Interface Focus Special Issue: New Trends in Evolutionary Biology
7 September 2017
7 September 2017
26 July 2017
Yesterday, PNAS published a collection of papers on The Extension of Biology through Culture, resulting from a Sackler Colloquium held at the Beckman Center in November. The papers can be viewed free and a news feature provides an overview of the topic.
Many of the talks can be viewed on our films page and the colloquium’s YouTube channel.
Introductory comments from Andy Whiten, co-organizer of the conference:
Biology is the science of life. How our understanding of the nature and evolution of living systems is being enriched and extended through new discoveries about social learning and culture in human and non-human animals is the subject of the collection of articles we introduce here. Recent decades of research have revealed that social learning and the transmission of cultural traditions are widespread amongst animals, shaping adaptive behavior from foraging to predator avoidance and mating behavior, yet this body of work remains to be well integrated into evolutionary biology at large. Progress in such studies is surveyed here in papers on primates, cetaceans, birds and insects. A second series of papers focuses on our own, distinctively hyper-cultural species, reporting progress in understanding its evolutionary and ontogenetic development. Together the studies described in this collection of papers examine how our deeper understanding of culture in both humans and non-human animals extend the scope of evolutionary biology. They delineate ways in which cultural transmission expands our understanding of evolution, echoing features familiar in organic evolution, but also going beyond them in distinctive ways, with different consequences. Organic and cultural evolution interact in forms of gene-culture coevolution that further extend the scope of evolutionary biology.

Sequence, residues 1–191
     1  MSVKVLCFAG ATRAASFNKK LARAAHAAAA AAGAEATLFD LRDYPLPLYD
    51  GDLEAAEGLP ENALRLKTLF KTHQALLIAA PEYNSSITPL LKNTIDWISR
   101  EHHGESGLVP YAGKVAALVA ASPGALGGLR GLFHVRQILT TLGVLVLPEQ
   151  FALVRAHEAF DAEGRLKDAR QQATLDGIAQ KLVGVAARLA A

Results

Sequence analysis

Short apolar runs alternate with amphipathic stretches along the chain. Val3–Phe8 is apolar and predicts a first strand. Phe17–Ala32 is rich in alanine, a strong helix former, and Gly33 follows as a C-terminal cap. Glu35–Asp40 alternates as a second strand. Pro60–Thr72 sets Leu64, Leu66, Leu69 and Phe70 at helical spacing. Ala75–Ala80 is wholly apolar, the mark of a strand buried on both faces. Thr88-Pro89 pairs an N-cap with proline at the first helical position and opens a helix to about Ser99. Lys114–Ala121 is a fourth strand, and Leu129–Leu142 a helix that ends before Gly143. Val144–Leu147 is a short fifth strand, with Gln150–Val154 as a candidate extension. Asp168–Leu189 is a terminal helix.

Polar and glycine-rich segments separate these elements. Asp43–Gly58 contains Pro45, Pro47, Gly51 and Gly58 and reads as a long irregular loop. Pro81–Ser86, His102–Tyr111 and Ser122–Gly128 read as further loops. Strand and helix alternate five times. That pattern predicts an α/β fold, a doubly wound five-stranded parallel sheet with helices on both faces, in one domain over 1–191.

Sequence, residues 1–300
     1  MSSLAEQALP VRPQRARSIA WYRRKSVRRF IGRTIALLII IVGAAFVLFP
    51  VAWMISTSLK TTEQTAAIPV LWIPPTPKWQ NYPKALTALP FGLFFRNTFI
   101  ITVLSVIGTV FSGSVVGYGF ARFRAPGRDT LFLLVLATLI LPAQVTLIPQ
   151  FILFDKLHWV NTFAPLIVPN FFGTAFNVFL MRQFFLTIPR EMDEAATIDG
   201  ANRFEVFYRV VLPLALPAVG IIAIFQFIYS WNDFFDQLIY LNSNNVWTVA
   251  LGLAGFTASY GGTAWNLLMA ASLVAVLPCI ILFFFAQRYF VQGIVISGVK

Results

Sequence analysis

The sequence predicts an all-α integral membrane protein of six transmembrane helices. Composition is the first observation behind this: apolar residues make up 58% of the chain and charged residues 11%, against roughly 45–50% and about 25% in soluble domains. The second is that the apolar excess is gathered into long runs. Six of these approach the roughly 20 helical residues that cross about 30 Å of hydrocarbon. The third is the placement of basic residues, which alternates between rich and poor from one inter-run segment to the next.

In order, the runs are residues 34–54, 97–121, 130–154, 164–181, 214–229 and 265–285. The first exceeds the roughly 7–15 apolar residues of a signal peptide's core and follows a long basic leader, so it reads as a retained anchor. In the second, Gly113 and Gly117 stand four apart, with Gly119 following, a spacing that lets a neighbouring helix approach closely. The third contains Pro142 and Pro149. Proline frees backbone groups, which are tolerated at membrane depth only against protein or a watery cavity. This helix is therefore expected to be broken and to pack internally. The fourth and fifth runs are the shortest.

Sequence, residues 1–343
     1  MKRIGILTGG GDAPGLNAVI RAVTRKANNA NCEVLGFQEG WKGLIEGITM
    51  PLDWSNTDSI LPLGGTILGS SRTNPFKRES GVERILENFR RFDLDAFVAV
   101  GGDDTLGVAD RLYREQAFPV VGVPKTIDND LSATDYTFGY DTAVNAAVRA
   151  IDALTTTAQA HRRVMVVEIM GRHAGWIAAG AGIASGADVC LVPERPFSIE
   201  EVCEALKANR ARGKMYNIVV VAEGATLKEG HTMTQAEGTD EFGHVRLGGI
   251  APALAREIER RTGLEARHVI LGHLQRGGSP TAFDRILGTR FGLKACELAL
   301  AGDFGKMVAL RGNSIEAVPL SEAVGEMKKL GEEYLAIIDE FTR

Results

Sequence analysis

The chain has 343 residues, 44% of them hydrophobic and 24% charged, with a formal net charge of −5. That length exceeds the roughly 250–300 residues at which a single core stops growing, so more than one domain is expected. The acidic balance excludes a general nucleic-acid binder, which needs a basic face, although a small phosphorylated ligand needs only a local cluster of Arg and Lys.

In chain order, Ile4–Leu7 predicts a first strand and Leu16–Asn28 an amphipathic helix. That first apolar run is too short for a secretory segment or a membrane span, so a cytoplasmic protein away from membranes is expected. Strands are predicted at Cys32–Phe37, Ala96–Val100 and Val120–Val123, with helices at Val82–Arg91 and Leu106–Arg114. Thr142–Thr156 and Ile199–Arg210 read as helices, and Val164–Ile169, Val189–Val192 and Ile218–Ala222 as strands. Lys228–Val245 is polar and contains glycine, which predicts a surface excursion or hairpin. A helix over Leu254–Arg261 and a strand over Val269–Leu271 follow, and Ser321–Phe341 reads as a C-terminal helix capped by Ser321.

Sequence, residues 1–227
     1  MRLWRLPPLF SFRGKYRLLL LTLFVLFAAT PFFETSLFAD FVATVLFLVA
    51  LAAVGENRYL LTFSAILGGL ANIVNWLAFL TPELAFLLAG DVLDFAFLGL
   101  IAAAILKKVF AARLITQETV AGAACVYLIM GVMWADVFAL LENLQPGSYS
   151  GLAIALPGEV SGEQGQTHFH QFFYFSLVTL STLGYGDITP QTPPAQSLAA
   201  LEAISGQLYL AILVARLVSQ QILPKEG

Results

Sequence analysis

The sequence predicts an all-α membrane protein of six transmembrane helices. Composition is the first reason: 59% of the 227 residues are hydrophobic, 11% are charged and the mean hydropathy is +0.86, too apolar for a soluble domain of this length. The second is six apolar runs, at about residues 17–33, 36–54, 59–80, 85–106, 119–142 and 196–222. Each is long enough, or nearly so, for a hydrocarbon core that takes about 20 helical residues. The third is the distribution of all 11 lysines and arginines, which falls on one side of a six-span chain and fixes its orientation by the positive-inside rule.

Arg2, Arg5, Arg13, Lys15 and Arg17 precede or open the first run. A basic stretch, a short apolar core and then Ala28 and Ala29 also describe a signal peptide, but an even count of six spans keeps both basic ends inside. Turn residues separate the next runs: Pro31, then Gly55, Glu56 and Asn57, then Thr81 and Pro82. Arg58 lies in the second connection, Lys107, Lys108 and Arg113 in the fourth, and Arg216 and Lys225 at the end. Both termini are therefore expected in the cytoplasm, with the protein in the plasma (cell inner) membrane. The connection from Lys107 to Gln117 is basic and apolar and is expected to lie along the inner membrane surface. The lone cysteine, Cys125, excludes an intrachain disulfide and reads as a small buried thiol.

14 July 2017
Applications are invited for a 2-year post-doctoral position to work with Professor Rufus Johnstone in the Department of Zoology, University of Cambridge, on mathematical and computational modeling of the evolution of inclusive inheritance.
The successful applicant will work on modeling three mechanisms of inclusive inheritance: (i) social transmission (exploring how social learning and teaching changes across the life-cycle), (ii) epigenetic inheritance (investigating how maternal investment and resource transmission impacts on subsequent health and development), and (iii) ecological inheritance (considering how environmental modulation and niche construction generate group differences in behaviour). There is, however, scope for the focus of the modelling to reflect the interests of the candidate.
9 June 2017
Applications are invited for two 3-year post-doctoral positions to work with Dr Thomas Currie at the Human Biological and Cultural Evolution group, Centre for Ecology & Conservation, Department of Biosciences at the Penryn Campus of the University of Exeter on his ERC-funded project, The Cultural Evolution and Ecology of Institutions.
One position will focus on mathematical models and computer simulation of the evolution of institutions and cooperation in humans, and is suitable for candidates with a background in modelling social evolution, cultural evolution, evolutionary ecology or other related areas. The other position will focus on the creation of datasets and statistical analysis in order to test these models, and may be suitable for those with experience of assembling comparative datasets or other kinds of datasets for testing human social or cultural evolution, and the ability to conduct a variety of statistical analyses.
Closing date for applications: 19 June 2017
Ideal start date: 1 September 2017
Applicants are strongly encouraged to contact Tom Currie ahead of applications to discuss the positions.
1 June 2017
On 11-14 May 2017, approximately 35 evolutionary biologists and philosophers of biology met to discuss the nature of causation in evolution in the first of three EES-hosted workshops. The aim of the workshop was to initiate close interaction and exchange between philosophers of science and biologists, both within the research program and outside it, to reflect on the nature of causation in biological evolution. The EES has a different perspective on causation in evolution, and ascribes a greater range of processes evolutionary significance, than traditional perspectives. The workshop set out to scrutinize these claims, with both philosophers (acting as independent arbiters) and non-project members (including non-sympathizers) present to ensure good debate.